Genetic test detects colon cancer-linked DNA in blood to predict disease recurrence risk

Genetic test detects colon cancer-linked DNA in blood to predict disease recurrence risk

Scientists at the Johns Hopkins Kimmel Cancer Center and University of Melbourne report they have used a genetic test that spots bits of cancer-related DNA circulating in the blood to accurately predict the likelihood of the disease's return in some — but not all — of a small group of patients with early-stage colon cancer. [More]
Bringing healthcare home: an interview with Dr Andrew Lin

Bringing healthcare home: an interview with Dr Andrew Lin

The goal of CliniCloud is to bring healthcare home. For us, what that means is a patient-centered and patient-modeled healthcare system, where we focus on the fact that consumers want access to healthcare and to a doctor. We're building an ecosystem around the tools and the software to really enable that to happen as conveniently and as affordably as possible. [More]
Study shows increase in costs of hospitalization for people with private insurance

Study shows increase in costs of hospitalization for people with private insurance

Even if you have what you might think of as good health insurance, your next hospital stay could cost you more than $1,000 out of your own pocket. [More]
African Americans perceive depression as weakness rather than health condition

African Americans perceive depression as weakness rather than health condition

Depression in African Americans, according to Sirry Alang, assistant professor of sociology and anthropology at Lehigh University, is expressed in ways that are inconsistent with symptoms of depression laid out in the Diagnostic and Statistical Manual of Mental Disorders. [More]
Telephone counseling can help make cancer genetic services more accessible to rural women

Telephone counseling can help make cancer genetic services more accessible to rural women

Ever since Angelina Jolie used cancer genetic counseling and testing to learn about her risk for hereditary breast and ovarian cancer, many other women have chosen to do the same. [More]
Study evaluates rate of depression in mothers based on different onset times

Study evaluates rate of depression in mothers based on different onset times

Postpartum depression--a household term since actress Brooke Shields went public in 2005 about her struggle with it--is indeed serious. But depression that begins before or during pregnancy is often more severe because it lasts longer and usually goes undetected until the doctor screens for it after the birth of the baby, according to a new Northwestern Medicine study. [More]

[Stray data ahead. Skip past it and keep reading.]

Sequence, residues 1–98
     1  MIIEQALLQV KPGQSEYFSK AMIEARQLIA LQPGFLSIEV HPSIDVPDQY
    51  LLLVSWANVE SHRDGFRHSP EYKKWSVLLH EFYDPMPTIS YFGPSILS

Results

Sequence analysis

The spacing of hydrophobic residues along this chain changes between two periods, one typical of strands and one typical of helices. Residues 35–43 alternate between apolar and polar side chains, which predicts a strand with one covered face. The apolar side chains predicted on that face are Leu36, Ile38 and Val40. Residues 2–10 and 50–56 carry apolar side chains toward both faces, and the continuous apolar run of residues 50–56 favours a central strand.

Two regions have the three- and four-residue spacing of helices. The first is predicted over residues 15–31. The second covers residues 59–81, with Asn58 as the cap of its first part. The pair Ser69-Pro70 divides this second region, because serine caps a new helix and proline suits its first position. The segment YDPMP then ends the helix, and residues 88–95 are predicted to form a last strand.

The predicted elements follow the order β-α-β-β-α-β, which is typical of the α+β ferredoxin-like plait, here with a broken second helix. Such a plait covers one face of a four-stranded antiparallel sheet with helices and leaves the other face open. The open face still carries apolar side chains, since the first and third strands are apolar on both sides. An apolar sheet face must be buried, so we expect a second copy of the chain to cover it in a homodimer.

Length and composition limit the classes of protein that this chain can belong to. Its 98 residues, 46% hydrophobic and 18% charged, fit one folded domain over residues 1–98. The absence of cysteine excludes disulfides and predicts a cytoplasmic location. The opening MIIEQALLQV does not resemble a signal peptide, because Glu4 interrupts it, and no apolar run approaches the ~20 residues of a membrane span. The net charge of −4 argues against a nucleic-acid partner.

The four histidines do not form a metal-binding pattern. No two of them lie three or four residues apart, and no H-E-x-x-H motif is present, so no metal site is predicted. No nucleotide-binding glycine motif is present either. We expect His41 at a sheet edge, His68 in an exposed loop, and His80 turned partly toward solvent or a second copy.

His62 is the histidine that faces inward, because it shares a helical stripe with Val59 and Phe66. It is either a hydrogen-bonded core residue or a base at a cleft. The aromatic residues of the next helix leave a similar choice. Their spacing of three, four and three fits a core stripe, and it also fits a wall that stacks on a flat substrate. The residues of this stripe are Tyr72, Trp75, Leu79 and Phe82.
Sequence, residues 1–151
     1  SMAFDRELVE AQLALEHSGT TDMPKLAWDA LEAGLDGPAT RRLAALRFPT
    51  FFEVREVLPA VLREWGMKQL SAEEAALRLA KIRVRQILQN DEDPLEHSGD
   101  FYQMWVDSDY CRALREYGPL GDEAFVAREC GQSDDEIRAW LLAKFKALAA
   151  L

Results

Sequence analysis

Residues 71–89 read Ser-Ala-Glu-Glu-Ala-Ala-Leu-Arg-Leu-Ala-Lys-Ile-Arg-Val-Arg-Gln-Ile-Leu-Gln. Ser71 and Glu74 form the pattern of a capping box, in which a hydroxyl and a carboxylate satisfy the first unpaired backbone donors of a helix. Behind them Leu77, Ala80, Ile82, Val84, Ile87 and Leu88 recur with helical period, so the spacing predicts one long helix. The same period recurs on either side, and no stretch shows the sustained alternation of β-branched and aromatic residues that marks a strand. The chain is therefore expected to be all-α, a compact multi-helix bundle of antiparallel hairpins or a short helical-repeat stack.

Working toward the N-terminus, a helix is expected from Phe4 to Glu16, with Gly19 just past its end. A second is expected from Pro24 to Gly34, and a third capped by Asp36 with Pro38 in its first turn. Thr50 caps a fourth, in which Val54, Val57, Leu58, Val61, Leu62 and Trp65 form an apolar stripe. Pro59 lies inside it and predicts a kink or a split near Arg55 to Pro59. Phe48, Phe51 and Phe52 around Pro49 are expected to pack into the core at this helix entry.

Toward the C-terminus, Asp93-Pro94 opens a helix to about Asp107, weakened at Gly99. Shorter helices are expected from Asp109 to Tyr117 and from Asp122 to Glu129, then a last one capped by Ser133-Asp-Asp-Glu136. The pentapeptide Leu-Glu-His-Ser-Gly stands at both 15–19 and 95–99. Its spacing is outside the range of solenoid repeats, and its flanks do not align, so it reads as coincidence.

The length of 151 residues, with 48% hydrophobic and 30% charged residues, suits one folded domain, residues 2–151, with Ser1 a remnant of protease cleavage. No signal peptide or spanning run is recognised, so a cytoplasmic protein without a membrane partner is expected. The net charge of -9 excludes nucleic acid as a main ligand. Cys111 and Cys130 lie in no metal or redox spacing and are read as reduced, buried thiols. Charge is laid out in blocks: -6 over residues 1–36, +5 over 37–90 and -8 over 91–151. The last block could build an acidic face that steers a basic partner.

CHD rates decrease significantly in the U.S.

CHD rates decrease significantly in the U.S.

Significant improvements seen across multiple sociodemographic groups, according to a new study in the American Journal of Preventive Medicine [More]
Comprehensive workplace hand hygiene program helps reduce medical insurance claims for illnesses

Comprehensive workplace hand hygiene program helps reduce medical insurance claims for illnesses

A workplace outcome study published in The Journal of Occupational and Environmental Medicine found that offices equipped with alcohol-based hand sanitizers and hand sanitizing wipes throughout the building and at employees' desks resulted in 24.3 percent fewer healthcare claims for hand hygiene preventable illnesses -- such as cold, flu and respiratory illnesses -- than the office and employees in the control group without these products. [More]
Children in foster care still face quality challenges in antipsychotic medication use

Children in foster care still face quality challenges in antipsychotic medication use

Significant quality challenges persist in antipsychotic medication use for children in foster care and other Medicaid-insured children, according to a new Rutgers University-New Brunswick study published in Health Affairs. [More]
Financial pressures prevent access to much-needed care for cancer patients

Financial pressures prevent access to much-needed care for cancer patients

Financial pressures kept cancer patients from filling prescription medications and attending their doctors' visits, University of North Carolina Lineberger Comprehensive Cancer Center researchers found in a new study. [More]